ClintonCoBoardNewly elected county clerk Vicky Albers (left) swears in new and re-elected Clinton County Board members during a special board meeting. Front row, left to right, are Bob Netemeyer (District 5), Rafael Him (District 5), Jim Sullivan (District 4) and Deb Wesselmann (District 3); (back row) Nelson Heinzmann (District 1), Bryan Wessel (District 2) Craig Taylor (District 4), Mike Kreke (District 3) and Brad Knolhoff (District 2).    The Clinton County Board met for a special session on Monday, Dec. 3 to swear in new and re-elected members. Bob Netemeyer (District 5), Rafael Him (District 5), Jim Sullivan (District 4), Bryan Wessel (District 2) Craig Taylor (District 4) and Mike Kreke (District 3) returned to the board and Nelson Heinzmann (District 1), Brad Knolhoff (District 2) and Deb Wesselmann (District 3) were sworn in as new members. Board member Larry Johnson was absent and will be sworn in at a later date.
    Conducting the pledge was new county clerk Vicky Albers, who was sworn in the morning of the same day, alongside re-elected treasurer Denise Trame and re-elected county sheriff Doug Maue.
    District 3’s Bob Fix was re-established as chairman after a successful roll-call vote. Jim “Homer” Rakers was voted vice chairman. Wesselmann was the only one opposed to Fix’s election as chairman.
    “I got elected to make sure that there’s minutes to committee meetings. I went to look at the committee meetings and there’s minutes missing,” said Wesselmann. “No offense, Bob, but I’m going to be a ‘no’ vote. Because I would like things to be run the way the way they should be run. I have faith that they will be from here on.”

SchuettesSchuette’s Market in Breese, currently closed.    A sale contract is in place for the purchase of the three remaining Schuette’s stores in Illinois. On Wednesday, Nov. 28, Lechner and Lechner Ltd. signed paperwork to purchase the Schuette’s grocery stores in Troy, Breese and Carlyle for a price tag of $2.3 million, which includes both real estate and the equipment.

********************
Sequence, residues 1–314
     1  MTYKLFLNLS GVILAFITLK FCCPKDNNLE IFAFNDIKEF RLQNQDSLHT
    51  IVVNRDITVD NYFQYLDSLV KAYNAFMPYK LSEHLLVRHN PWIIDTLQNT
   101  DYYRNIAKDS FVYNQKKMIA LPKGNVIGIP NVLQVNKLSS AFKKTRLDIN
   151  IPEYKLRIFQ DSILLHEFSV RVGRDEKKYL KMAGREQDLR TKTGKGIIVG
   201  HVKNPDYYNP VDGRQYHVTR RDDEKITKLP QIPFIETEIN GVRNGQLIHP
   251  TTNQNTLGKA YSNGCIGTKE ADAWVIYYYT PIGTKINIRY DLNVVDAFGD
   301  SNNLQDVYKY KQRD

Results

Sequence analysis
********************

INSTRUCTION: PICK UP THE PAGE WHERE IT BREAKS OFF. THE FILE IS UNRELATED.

“My understanding is that they intend to operate a grocery store,” said Robert Eggmann, bankruptcy trustee for Schuette’s Stores Inc. 
    Mike Schuette, once-owner of the oldest grocery store empire in Illinois, filed for bankruptcy on Sept. 7, announcing the closing of his two final stores - Troy and Breese - two hours before the workday ended. The stores were not cleaned out before closing, leaving meat, produce and other perishable items to rot. 
    Eggmann said that though an emergency cleanup was performed in September, the full cleaning did not occur until early November. Cleanup was conducted by Kues Brothers Auction Co. of Aviston, who also listed the Schuette’s properties for sale.
    “When we do auctions and things, if somebody passes away and their house needs to be cleaned, that’s one of our services,” said owner John Kues. “It’s not our expertise but we can do whatever needs to be done. The perishables are all gone. The coolers are cleaned.”
    Nonperishable items, such as cereal and paper towels, remain in the store, but Lechner and Lechner are not planning to purchase them.
    According to Eggmann, the deal cannot officially go through until the bankruptcy court accepts his motion to approve the sale, which he filed on Nov. 29. Until then, either party can back out of the deal and other purchasers may bid on the stores.
    Eggmann said the selling price was “a little lower” than desired and mentioned that there are two other parties who have expressed interest in the properties. 
    After a sale goes through, said Eggmann, the bank is the first party to be repaid. After that, smaller debtors called general unsecured creditors will be repaid if any money remains. Eggman said the sale of the three stores does not necessarily reflect the entire bankruptcy estate and there could be more cash flow generated later.
    “A lot of local people, I have come to find out, have been investors,” he said. “Some of it goes back a couple generations.”

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Carlyle Lake Levels

Lake levels

Fri., Nov. 30
Sun., Dec. 2
Tues., Dec. 4 446.26



Nov. 28 .00
Nov. 29 .00
Nov. 30 .06
Dec. 1 .91
Dec. 2 .01
Dec. 3 .01
Dec. 4 .03